Pandemic pause ruled out inter-divisional play for two seasons in BC Hockey League
The Prince George Spruce Kings open their 27th BC Hockey League season Friday in Coquitlam and despite the fact it’s a road game for most of the Kings, captain Colton Cameron will feel right at home.
For the first time in three seasons he’s going to be playing a game close to home. Coquitlam is only a half-hour drive from Cameron’s hometown of Cloverdale and he’s one of seven Spruce Kings whose hockey roots are in the Lower Mainland.
The Kings switched to the Interior Conference two seasons ago and haven’t faced a Mainland Conference opponent since Feb. 22, 2020, the final day of the 2019-20 regular season. The pandemic wiped out that possibility the past two seasons. Cameron, in his final BCHL season before he moves to Bentley University in Massachusetts, can’t wait to strut his stuff in front of family and friends with games Friday in Coquitlam and Saturday in Langley. Ten of the Spruce Kings’ 54 games this season are against Coastal Conference opponents.
“My first year we played there all the time and it was weird not going back there the past two years and it will be nice to experience it again and play different teams,” said Cameron, heading into his fourth BCHL season.
Cameron, who collected two goals and 24 points in 54 games last season, is one of three returning defensemen. He and Amran Bhabra are back for a fourth year, while Ben LeFranc is about to begin his third season wearing the crown on his jersey. They’ve teamed up with four BCHL rookies on the blueline – Tait Ross, Alexsy Bandu, Luke Schraeder and Charlie Banquier. Injuries to LeFranc and Ross resulted in more playing time for the first-year guys in the four preseason games. Cameron anticipates there will be some growing pains in the first month of the season.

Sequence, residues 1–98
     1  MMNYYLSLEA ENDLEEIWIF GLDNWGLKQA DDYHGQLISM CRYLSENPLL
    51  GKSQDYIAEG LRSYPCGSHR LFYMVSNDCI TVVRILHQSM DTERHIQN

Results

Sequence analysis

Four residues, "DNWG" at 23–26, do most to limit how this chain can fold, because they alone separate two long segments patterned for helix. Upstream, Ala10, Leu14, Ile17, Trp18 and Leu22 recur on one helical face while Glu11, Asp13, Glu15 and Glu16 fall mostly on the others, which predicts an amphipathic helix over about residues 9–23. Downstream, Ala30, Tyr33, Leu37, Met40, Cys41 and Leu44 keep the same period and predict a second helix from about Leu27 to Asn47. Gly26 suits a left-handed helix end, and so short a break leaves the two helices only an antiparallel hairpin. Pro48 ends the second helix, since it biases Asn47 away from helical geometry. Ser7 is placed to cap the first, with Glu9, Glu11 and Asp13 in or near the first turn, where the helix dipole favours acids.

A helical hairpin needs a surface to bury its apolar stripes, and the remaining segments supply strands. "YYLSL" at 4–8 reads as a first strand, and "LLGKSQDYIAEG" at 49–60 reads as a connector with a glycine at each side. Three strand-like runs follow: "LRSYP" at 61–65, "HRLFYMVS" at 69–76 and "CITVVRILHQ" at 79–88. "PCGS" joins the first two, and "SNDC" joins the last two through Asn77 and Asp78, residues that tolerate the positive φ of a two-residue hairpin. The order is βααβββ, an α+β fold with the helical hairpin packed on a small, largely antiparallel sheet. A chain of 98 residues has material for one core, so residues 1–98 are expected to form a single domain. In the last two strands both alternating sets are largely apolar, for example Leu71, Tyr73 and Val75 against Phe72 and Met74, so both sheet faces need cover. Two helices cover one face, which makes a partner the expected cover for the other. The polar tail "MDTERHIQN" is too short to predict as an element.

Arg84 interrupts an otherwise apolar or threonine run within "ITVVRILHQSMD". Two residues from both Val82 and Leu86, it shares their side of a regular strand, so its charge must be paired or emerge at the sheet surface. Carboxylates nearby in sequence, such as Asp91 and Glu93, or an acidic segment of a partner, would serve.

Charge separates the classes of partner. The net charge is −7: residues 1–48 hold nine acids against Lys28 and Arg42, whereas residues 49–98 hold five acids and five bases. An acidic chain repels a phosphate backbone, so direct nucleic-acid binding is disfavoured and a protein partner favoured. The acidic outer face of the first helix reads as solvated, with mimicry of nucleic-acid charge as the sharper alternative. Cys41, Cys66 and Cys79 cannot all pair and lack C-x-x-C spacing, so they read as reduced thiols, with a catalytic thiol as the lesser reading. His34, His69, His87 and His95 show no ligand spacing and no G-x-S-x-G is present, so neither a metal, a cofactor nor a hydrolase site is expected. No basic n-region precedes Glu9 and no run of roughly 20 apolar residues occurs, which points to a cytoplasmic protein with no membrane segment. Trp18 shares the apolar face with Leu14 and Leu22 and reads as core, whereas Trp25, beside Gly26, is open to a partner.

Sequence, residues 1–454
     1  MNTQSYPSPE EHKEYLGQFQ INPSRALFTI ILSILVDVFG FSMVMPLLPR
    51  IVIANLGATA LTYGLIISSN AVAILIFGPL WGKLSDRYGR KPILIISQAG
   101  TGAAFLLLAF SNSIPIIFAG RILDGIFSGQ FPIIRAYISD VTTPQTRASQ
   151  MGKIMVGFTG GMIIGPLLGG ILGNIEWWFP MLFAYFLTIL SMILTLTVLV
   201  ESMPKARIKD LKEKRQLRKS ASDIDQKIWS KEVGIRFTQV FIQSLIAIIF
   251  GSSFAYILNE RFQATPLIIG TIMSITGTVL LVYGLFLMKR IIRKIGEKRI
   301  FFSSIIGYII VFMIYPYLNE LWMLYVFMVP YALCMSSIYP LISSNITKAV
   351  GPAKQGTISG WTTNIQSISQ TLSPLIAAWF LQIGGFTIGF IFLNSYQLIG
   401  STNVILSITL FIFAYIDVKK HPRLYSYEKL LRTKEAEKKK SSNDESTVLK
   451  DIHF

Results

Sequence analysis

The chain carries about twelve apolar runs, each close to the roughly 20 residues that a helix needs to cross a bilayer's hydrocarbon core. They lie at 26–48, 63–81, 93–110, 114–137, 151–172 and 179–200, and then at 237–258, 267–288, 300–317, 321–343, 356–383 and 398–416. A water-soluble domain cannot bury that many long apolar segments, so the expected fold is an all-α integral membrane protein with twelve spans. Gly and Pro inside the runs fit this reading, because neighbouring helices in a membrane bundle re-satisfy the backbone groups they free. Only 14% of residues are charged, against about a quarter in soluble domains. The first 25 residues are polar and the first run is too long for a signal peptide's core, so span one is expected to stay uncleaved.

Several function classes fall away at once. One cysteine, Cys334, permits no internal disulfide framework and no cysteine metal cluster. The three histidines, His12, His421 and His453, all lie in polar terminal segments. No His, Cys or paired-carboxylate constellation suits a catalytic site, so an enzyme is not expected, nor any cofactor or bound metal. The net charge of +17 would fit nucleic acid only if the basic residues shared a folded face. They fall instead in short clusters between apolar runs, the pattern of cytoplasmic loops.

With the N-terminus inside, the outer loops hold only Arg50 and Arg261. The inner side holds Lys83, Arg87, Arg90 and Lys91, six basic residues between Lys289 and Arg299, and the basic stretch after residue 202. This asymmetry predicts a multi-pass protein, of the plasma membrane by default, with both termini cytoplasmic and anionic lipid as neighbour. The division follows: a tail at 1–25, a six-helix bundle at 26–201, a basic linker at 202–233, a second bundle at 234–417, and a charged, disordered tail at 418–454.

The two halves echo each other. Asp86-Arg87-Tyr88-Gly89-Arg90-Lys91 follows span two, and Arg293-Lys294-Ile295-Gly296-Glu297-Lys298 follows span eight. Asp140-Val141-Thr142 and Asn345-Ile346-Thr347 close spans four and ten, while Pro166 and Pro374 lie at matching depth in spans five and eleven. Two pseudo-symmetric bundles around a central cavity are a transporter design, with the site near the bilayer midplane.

“We had some younger guys in the lineup who just need some time and experience and through time they will definitely step up and be a huge key,” said Cameron, who had two goals and 22 assists in 54 games last year.
“But right now, the returning players like Bhabra, (LeFranc) and myself, we’ve been on the team for a while now and know everything about the systems and what to do and that’s a huge plus going into the season,” he said.
“I think we have a lot of potential with this team, definitely an older group of guys with some players that have been on the team for a few years now. I’m really impressed with our forwards, lots of skill and a lot of power too, up there, with some bigger guys.”
At forward, the Kings have an abundance of BCHL experience with six players – John Herrington, Linden Makow, Evan Fedele, Ty Gagno, Austin Fraser and Kilian McGregor-Bennett – who drew regular shifts last season. Luca Primarano of North Vancouver, 17, joined the team at the end of the season and got a taste of the playoffs and the Kings figure he will develop into a dominant forward as he gets used to the pace of BCHL games. Adam Mendelson of Quebec, Brayden Skogstad of Kelowna, Ontario natives Jack Stockfish and Luke Eurig, and American imports Dom Murphy and Jake Schneider are the newcomers up front.